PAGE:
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The Strong-Minded Snake or How To Get What You Want by Really Trying

Back in the fall of 2019 (pre-pandemic times, seems an age and a half ago now), I was waiting in my doctor’s office for the annual flu shot. My doctor at the time worked out of an old 1930’s era west-side building, a nondescript, two-story half-empty walkup that has remained entirely unchanged all these many years. In fact, the place wouldn’t have been out place as a backdrop in the movie Chinatown.

The doctor had two small examination rooms for patients and a miniscule waiting area that somehow managed to contain 7 mismatched chairs, a coat rack and an antique wooden stand, littered (more or less) with a variety of the usual magazines one finds in such places: dated copies of The Economist, Reader’s Digest, Macleans, etc.

While most of the patients kept their heads down studying their cellphones, I became attracted to a rather unusual book half-hidden amidst the pile of journals. It was the following: King Fruitful/King Six Tusker and The Queen Who Hated Him, Buddhist Tales for Young and Old, Volume 2, Stories 51-100. (Published by the Buddhist Literature Society, Inc, New York, 1996, but printed and distributed for free by The Corporate Body of the Buddha Educational Foundation, Taipei, Taiwan).

Not the best cover design (or inside illustrations) I’ve ever seen (sorry to say), but the subject matter was certainly out of the ordinary and the stories were as uplifting and meaningful as originally intended. Buddhism not being a part of my upbringing, all were completely foreign to me. Naturally, I was drawn to them because many use animals to get their point across. As I do.

I asked the doctor if I could borrow it and he answered, of course I could. (It should be noted that the following is written on the back cover: “As this is a Dhamma text, we request that it be treated with respect. If you are finished with it, please pass it on to others or offer it to a monastery, school or public library.”)

The fifty Jataka stories included here are essentially morality tales – they “highlight aspects of human character” and are aimed at the “cultivation of moral conduct and good behavior” (p. xiii). According to the introduction, the Buddha used Jataka stories to explain concepts like kamma and rebirth. Although the introduction focuses on their link to Sri Lanka, I have read elsewhere that the origins of these tales lies rather in India. I am not an expert and could not hope to make a reasonable claim for either side. Whatever the case, many of the stories have traveled far and wide, influencing literature all the way into Europe and Japan. (One is easily reminded of Aesop’s Fables, which leads one to question which of the two came first.)

The stories either promote good behavior (sobriety, moderation, carefulness, gratitude, self-acceptance, prudence) or condemn bad behavior (adultery, laziness, betrayal, deception, cheating, extremism, ingratitude). Most are brief, being not more than a page or two; others are quite involved, with several chapters each.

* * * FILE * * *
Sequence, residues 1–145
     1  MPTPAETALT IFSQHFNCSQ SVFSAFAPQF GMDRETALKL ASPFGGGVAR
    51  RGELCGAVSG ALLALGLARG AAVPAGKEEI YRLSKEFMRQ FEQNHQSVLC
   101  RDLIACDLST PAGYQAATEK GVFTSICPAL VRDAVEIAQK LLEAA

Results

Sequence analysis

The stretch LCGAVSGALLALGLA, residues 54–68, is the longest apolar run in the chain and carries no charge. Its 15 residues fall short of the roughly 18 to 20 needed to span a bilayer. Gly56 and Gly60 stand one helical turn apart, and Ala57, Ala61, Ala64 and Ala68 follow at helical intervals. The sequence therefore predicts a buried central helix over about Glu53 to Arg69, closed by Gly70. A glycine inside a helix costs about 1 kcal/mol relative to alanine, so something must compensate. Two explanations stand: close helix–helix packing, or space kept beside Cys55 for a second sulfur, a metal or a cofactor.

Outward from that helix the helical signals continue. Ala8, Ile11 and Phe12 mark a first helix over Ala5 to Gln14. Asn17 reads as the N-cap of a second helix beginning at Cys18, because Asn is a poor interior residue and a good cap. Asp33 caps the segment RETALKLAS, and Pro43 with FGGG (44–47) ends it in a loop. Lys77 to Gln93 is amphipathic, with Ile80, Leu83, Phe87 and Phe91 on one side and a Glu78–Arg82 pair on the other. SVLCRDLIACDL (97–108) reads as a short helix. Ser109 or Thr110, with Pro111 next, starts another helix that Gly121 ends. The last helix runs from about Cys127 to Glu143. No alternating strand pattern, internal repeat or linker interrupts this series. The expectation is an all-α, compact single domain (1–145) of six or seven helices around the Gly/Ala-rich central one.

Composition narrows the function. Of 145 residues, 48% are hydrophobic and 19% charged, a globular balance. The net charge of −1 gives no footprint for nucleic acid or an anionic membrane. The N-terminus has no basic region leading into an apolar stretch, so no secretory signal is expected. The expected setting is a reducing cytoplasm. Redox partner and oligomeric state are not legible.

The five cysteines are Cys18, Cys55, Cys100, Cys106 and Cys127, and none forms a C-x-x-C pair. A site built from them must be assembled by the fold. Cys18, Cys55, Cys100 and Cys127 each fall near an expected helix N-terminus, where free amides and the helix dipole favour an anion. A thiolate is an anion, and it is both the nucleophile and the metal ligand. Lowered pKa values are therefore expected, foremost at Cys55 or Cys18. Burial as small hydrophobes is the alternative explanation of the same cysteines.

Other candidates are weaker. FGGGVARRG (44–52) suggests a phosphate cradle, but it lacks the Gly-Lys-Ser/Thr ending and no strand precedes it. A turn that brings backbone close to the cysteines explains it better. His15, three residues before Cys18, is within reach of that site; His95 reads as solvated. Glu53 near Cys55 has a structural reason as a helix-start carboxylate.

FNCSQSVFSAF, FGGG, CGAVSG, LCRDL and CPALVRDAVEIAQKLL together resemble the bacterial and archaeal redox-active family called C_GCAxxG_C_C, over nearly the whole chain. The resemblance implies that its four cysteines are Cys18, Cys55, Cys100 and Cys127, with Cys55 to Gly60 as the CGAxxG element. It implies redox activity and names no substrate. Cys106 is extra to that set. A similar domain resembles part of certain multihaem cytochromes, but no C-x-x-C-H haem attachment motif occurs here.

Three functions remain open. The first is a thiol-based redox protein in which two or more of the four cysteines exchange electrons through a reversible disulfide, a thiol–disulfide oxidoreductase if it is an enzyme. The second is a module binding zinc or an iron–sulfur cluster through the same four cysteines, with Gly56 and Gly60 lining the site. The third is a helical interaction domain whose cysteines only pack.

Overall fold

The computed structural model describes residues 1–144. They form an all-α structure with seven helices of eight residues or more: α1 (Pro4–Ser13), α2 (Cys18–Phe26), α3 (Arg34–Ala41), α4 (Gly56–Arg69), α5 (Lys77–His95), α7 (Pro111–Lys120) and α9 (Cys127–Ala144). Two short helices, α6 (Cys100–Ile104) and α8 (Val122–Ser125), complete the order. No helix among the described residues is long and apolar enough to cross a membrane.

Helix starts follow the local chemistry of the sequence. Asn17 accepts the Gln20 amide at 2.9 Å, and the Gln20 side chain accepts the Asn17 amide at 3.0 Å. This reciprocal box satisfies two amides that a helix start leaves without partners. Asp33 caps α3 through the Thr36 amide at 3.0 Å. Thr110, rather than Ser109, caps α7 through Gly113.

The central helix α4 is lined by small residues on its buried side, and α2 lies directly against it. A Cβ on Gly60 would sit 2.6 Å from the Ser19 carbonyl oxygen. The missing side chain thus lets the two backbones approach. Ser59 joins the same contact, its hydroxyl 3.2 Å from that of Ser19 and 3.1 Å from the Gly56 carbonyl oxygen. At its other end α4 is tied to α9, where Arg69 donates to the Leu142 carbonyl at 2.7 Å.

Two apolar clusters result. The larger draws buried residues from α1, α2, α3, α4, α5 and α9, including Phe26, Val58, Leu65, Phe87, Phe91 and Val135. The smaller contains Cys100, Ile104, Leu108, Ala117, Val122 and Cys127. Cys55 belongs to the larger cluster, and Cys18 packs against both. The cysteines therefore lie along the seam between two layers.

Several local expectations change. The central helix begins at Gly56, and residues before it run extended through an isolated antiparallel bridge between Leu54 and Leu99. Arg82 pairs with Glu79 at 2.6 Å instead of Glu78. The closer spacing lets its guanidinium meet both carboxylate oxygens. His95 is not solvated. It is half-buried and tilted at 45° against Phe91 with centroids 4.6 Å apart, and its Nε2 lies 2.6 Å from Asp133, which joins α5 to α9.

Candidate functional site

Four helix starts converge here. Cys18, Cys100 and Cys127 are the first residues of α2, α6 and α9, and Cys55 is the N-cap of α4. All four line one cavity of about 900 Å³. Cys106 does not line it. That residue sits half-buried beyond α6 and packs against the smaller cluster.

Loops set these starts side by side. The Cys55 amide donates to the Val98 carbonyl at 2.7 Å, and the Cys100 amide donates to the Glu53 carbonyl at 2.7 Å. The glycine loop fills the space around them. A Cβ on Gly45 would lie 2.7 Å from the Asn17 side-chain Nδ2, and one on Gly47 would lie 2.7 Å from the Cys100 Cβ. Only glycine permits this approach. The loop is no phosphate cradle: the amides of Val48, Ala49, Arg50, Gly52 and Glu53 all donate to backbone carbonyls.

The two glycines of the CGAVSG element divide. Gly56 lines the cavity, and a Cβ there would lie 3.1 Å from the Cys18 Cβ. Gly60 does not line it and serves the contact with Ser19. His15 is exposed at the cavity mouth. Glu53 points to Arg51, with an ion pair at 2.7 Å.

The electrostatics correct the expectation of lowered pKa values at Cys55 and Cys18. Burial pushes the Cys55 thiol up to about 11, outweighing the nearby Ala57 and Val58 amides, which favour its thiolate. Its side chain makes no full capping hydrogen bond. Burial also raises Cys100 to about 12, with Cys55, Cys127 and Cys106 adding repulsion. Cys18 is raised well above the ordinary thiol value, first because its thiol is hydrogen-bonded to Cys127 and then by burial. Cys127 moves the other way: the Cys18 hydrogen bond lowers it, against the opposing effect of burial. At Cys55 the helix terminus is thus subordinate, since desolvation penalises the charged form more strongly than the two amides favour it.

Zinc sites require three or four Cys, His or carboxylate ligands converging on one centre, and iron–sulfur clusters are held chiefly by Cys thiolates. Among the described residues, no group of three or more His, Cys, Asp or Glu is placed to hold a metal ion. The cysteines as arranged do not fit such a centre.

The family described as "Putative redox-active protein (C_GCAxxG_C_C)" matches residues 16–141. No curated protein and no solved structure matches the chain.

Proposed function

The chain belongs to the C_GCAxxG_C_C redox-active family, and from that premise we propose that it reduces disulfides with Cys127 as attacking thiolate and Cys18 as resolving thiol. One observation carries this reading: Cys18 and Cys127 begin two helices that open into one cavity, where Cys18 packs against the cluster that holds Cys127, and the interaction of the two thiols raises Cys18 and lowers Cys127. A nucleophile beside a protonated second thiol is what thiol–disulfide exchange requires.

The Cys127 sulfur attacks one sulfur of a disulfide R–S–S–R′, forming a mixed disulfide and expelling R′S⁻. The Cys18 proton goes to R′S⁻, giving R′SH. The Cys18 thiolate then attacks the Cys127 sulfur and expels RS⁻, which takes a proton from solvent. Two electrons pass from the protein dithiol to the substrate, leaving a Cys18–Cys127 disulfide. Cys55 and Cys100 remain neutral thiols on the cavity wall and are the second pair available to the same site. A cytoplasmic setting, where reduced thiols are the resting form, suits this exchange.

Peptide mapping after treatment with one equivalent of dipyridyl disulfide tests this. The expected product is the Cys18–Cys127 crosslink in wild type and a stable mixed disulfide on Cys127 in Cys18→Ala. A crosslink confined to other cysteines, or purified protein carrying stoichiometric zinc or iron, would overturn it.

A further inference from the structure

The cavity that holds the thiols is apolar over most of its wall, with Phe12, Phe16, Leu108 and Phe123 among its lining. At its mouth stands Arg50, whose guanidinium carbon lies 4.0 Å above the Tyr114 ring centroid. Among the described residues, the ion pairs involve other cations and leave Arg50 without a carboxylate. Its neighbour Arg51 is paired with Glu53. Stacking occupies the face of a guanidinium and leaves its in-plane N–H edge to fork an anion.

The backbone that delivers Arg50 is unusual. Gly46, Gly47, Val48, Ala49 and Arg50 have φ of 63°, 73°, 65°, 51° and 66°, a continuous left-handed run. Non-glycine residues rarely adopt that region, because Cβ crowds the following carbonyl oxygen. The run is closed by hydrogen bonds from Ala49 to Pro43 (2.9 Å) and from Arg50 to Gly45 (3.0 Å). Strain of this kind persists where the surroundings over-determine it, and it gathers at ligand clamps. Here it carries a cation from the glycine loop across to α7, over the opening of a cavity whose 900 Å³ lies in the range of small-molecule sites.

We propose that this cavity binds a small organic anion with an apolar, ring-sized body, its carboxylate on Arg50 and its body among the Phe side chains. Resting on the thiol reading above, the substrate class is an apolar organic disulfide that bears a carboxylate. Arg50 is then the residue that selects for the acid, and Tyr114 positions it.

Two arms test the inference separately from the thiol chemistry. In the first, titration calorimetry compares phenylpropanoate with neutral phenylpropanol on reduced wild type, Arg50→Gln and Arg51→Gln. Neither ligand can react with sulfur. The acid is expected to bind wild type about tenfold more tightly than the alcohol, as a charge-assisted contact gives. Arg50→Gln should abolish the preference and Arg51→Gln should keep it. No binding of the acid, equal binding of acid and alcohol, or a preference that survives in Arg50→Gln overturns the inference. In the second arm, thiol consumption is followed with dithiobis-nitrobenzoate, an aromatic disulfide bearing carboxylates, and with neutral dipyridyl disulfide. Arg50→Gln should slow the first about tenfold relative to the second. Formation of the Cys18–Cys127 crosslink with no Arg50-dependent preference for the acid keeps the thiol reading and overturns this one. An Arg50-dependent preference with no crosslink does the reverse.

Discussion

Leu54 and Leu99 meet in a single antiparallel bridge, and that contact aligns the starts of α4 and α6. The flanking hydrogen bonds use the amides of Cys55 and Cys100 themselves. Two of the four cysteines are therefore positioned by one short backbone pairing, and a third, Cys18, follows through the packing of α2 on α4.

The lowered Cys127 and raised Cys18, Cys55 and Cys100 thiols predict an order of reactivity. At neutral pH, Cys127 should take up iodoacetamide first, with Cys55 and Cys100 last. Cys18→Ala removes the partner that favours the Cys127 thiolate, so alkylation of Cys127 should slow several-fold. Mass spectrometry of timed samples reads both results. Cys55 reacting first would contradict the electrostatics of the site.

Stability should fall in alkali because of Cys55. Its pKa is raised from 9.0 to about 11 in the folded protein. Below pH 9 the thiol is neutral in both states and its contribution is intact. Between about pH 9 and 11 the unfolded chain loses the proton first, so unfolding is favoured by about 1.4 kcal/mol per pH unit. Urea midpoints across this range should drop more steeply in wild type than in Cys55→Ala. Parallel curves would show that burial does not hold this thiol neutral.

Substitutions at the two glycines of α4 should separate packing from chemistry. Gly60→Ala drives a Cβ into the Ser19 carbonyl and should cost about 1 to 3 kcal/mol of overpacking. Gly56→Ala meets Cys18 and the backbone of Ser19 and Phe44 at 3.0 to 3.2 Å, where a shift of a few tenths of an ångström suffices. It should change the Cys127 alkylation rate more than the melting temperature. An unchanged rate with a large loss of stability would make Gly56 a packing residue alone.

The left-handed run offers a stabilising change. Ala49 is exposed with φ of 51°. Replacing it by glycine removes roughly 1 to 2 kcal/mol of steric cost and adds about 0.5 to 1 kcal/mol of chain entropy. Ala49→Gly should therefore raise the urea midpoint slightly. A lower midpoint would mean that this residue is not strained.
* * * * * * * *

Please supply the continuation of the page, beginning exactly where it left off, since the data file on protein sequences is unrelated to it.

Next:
As noted above, many of the fables deal with animals – Mr. Monkey and Sir Crocodile (on the subject of good manners) or The Careless Lion (on the merits of circumspection), and each story ends with a clear message. Many of these will be familiar to western readers – “if you don’t help others, you can’t expect them to help you”, “appearances can be deceiving” and “don’t put off until tomorrow what you can do today”.

I’ve chosen one story to highlight – The Strong-Minded Snake (#69), which focuses on the merits of determination. The story deals with a poisonous snake who has bitten a man. A doctor, the local expert in such matters and brought in to help the poor victim, declares that for the patient to survive, the villagers must find the snake and get it to suck out its own poison.

The snake, once found, protests – it avows that it has never done such a thing (suck out its poison, that is) and never will. In fact; it declares it would rather die first. Accepting its fate, the snake approaches the fire into which it will be thrown. At this point, taking pity on the brave creature, the doctor stops the execution. He decides instead to use his medicines and magic spells to cure the suffering man. (Although I’m tempted to ask why he didn’t choose this option the first time, I admit it would have spoiled a good story.)

The doctor, admiring the snake’s determination, realizes that, if the creature used this trait for good, it could improve itself. He then teaches the snake the Five Training Steps to avoid “unwholesome actions”, sets it free and tells it to “go in peace and harm no one.” The moral of the tale is – determination wins the respect of others. (I might add it’s also well rewarded.)

So why is the tale especially relevant to these posts? Only so far in that I consider this a character trait of mine – determination (tenacity may be a better word) – as epitomizing my approach to producing this seven-book series. I began the first volume of what has become The Ravenstones in 2006; I finished the last one in 2012. Although I was satisfied with the storyline, the basic contents and the conclusion, it became clear to me that my abilities as a writer had grown over those six years.

I realized then that the first books were far from adequate and needed to be redone. The subsequent processes (the rewriting, editing, proofreading and publication) took another eight years. I’d like to think that – through such resolve – the series is good enough for publication. I trust my many readers will agree with me. Naturally, at the end of the day, only they can make that assessment.

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